The majority of the response centred around PEF (Pupil Equity Funding), something that I raised as being a major issue. I had already explained on air that PEF funding is calculated for each school based on the number of children in receipt of free school meals. The majority of adoptive children no longer qualify for this and therefore are not eligible for PEF funding. The Minister was asked if perhaps this was something that should change. He argued that although there are undoubtably adopted children that are in need of support, there is also the flip side that is true (presumably meaning that there are adopted children who do not require any support – I have yet to meet any such child!!). He felt that by capping it at only for free school meal children, they were capturing the widest majority of children in need. I had also explained that my children’s school were using their PEF funding to pay for councillors to work in the school to offer some therapeutic services – something that my children would be able to benefit from. This however, was used against my argument for PEF funding because this demonstrated that Headteachers could use their discretion and use the funds for more children than just those eligible. However, my argument to this would be that firstly, I have already heard about Headteachers using their PEF funding to buy iPads, and secondly, there are also schools with very few children on free school meal entitlement, but a large number of children with trauma based needs. They are left with very little scope for being able to pay for the additional services that they may need.
I felt rather disappointed with the response given – it felt very much like a brush off. The Scottish Government feel that no changes are necessary (although they say they keep it under review). Before moving on to my wish list of changes, it is important to compare the above lack of funding for adopted pupils in Scotland with the funding arrangements for adopted children in England. They have a similar ‘PEF’ system called Pupil Premium. A sum of money is given to schools on a yearly basis for any child receiving free school meals and for any child who is ADOPTED. In addition to this, there is a central bank of money of around £50 million that is set aside as an Adoption Support Fund. Parents can apply via their Local Authority to access this fund in order to pay for therapeutic services for their child. Whilst, the process to do these seems a complete nightmare and there is a £5000 cap on the amount that can be applied for, at least it is actually there. In Scotland, there is nothing. Any support has to be accessed through Local Authorities, and unless they are willing to pay for it (which they are highly reluctant to do) then the support just isn’t there. The main source of support I have seen a number of families being referred to is CAHMS. This service however is quite literally at breaking point. There is at least a 10 month wait and I’ve heard of families being turned away unless their child is at the stage that they are about to cause serious harm to themselves. A 10 month waiting list is disgraceful. Families applying to CAHMS need the help NOW, not in almost a year’s time.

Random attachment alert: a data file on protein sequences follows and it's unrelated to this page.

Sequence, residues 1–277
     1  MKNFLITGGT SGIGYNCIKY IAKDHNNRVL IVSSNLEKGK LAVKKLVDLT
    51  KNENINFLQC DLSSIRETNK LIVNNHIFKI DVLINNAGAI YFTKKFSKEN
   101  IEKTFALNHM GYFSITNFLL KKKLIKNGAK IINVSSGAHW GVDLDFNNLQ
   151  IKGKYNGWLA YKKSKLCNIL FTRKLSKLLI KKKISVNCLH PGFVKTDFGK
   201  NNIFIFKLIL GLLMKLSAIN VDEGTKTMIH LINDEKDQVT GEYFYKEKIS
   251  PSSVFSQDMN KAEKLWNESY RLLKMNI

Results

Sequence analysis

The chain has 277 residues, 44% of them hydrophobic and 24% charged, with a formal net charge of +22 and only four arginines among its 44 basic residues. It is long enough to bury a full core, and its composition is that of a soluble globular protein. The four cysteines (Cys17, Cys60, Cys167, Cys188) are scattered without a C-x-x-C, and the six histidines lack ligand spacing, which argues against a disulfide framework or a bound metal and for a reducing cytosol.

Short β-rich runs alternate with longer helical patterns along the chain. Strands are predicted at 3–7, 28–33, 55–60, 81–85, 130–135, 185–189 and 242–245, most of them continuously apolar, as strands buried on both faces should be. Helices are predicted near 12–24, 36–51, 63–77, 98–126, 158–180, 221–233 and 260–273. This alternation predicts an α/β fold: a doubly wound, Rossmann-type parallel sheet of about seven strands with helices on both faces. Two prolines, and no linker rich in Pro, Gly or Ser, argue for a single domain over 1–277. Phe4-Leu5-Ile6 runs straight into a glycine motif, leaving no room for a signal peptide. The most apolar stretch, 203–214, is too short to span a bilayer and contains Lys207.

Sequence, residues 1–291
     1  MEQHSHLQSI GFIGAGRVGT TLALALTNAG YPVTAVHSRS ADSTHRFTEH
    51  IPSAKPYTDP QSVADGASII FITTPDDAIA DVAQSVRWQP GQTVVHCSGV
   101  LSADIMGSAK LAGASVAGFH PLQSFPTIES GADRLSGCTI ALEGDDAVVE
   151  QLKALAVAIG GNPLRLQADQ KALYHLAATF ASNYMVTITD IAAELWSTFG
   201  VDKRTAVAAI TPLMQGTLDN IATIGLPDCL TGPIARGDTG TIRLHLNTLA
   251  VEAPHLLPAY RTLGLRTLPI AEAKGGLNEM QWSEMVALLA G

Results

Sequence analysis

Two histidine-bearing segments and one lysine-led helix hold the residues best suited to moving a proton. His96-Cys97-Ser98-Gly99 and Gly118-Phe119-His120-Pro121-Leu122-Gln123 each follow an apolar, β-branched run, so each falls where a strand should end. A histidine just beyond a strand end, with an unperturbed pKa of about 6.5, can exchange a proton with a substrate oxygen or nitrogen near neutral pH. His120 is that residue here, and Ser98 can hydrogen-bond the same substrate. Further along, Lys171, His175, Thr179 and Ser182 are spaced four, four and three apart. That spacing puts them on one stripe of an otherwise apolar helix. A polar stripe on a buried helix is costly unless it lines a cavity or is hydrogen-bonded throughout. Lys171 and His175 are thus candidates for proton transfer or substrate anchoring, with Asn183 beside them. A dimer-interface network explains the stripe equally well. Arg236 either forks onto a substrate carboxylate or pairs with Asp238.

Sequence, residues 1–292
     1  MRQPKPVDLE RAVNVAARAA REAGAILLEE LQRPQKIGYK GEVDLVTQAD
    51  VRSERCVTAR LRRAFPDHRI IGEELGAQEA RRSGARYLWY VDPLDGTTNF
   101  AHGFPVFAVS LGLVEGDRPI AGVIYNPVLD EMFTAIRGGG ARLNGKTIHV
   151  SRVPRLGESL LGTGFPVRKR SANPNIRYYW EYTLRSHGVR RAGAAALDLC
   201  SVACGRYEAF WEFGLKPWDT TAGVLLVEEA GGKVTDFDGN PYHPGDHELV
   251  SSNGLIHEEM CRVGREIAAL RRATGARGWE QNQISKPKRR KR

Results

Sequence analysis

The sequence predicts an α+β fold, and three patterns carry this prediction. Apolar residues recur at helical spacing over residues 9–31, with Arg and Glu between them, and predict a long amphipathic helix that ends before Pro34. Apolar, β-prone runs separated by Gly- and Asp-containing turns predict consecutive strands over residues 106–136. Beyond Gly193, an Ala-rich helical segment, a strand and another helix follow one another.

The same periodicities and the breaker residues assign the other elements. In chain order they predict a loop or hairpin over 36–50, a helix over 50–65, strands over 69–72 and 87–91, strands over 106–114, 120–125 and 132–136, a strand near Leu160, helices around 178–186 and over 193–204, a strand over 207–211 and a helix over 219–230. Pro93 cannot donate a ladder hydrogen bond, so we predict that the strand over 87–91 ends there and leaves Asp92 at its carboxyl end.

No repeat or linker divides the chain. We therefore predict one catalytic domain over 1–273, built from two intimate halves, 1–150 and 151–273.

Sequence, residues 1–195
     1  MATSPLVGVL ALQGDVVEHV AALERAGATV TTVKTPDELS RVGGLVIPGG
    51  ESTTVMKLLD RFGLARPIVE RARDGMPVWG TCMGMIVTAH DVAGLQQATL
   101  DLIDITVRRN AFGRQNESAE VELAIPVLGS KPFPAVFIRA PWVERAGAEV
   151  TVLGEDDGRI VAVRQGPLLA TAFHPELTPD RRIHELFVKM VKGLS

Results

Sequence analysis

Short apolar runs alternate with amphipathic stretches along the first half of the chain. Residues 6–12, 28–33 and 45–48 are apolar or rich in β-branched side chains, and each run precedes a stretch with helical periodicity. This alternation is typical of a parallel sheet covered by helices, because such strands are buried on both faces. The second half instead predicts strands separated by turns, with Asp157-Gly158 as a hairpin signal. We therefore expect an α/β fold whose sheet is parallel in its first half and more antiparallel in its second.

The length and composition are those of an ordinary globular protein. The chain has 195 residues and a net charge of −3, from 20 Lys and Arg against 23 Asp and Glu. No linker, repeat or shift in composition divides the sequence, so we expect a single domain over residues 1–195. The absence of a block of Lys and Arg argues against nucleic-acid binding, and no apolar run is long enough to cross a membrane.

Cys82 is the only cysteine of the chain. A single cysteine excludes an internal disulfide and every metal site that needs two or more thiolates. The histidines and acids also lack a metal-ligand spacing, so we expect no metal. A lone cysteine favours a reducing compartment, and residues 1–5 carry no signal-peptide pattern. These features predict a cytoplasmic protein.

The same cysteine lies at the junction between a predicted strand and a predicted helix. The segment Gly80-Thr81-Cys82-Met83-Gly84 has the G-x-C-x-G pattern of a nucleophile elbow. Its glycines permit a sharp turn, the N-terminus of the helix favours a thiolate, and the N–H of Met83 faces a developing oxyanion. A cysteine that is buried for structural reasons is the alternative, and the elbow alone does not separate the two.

This all leads me on very nicely to my wish list of change for adoptive families.
- Children who are adopted to be eligible for PEF funding.
- Attachment training for ALL members of staff (teachers, support staff, janitorial staff etc) in every school in Scotland.
- Attachment training as a focus within Teacher Training courses.
- Maximum of 12 week waiting list to access support services such as CAHMS.
- A central Adoption Support Fund to help cover support costs.
- Respite for Adoptive parents – a minimum of 2 weekends per year – more depending on needs of child.
- Adoption Allowance for ALL adoptive parents.
Just think of the change that could happen if the above became a reality….Sadly, its not something that I can just put on my list to Santa – if only it was!
If you wish to have a listen to the radio item we took part in, follow the link here. We are at 1 hour 34 and the Ministerial response is at 2 hour 34.
What are your thoughts on the Minister’s response? Do you think PEF for free school meal children is ample? Is there anything you would add to my wish list?